This post by Andy Boyle seems to have struck a nerve on Twitter today. It exhorts news organisations to stop referring to things they produce as blogs just because they use different CMS or are branded differently to regular content. While I don’t think it quite applies across the board – this, for instance, is definitely a blog – Andy makes some very good points.
Sadly, blogs brought along a stigma that people still use – which is wrong — that they’re done by people in their pajamas in a basement somewhere. Blogs are not the same as regular news content, some media folks thought, because they weren’t in your “main” CMS. They had a wall between them and they are different. They may even be branded differently, with a different header and logo. They weren’t the same as regular content because they were in a different system! Right?
It’s time to stop bifurcating your content as blogs and news because they run on separate systems. It is all content, so why not call it that? Even if you have outside people writing posts on your website that are unmoderated by your staff — that’s still content that’s part of your media outlet’s website. I don’t have any research proving this, but in my short journalism career many media outlets just slapped the name “blog” on something because it lived in a different CMS. We should stop this. Please.
While I don’t have any hard stats or user testing data on how readers react to the word “blog”, my gut instinct is that their readings are very different from the way news organisations tend to use the term. To a newsroom, the word blog might signify a lighter tone than news or feature. It might imply a home for specialised subject matter that might not fit with the rest of the site. It might be used to signify a linked, ongoing set of posts like the word “series”. It might mean “something done through WordPress” or “something put online without subbing first” or “a side project we give the juniors to prove themselves”. To some, in some newsrooms, it almost certainly means “not proper journalism”, despite the (somehow, still ongoing) conversations about whether bloggers can be journalists.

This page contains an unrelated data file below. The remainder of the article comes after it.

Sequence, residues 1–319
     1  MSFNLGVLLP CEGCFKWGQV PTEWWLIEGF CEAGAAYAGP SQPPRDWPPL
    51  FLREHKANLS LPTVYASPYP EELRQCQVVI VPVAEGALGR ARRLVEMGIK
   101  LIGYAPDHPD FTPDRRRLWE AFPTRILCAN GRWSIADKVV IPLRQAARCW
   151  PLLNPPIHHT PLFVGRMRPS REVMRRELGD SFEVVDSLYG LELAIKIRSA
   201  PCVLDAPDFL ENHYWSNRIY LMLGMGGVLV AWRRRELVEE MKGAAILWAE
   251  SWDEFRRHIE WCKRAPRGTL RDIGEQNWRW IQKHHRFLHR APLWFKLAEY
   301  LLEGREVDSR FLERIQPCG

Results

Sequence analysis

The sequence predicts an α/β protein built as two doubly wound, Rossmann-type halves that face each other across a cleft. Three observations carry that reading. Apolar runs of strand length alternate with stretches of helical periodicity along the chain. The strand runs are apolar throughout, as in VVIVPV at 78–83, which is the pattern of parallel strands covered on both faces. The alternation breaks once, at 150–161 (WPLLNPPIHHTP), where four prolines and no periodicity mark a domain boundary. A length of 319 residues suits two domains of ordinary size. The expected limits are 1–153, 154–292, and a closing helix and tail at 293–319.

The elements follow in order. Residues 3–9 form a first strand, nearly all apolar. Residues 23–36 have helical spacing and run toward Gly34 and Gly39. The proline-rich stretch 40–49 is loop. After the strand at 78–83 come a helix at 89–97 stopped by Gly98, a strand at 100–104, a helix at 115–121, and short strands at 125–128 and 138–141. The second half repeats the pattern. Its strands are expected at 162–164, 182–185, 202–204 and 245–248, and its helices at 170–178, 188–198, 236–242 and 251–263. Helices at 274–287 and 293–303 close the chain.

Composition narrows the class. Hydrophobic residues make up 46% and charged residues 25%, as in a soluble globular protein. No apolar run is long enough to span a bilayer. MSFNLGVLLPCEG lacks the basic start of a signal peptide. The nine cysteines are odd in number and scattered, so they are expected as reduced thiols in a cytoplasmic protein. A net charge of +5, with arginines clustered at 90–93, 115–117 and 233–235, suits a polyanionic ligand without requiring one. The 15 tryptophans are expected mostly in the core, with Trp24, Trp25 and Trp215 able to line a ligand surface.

The question is what it means to our readers. My fear is that for them it may have more resonance with the meanings towards the end of that little list than the ones at the start. Blog shouldn’t be a dirty word or one that’s used to put down the effort of the people creating something – but in the minds of many, at the moment it still is. It’s important to set readers’ expectations by what’s on the page, but we don’t need to distinguish web-only or web-first or even tone in this way – there are other words that might make just as much sense to us, and even more to readers.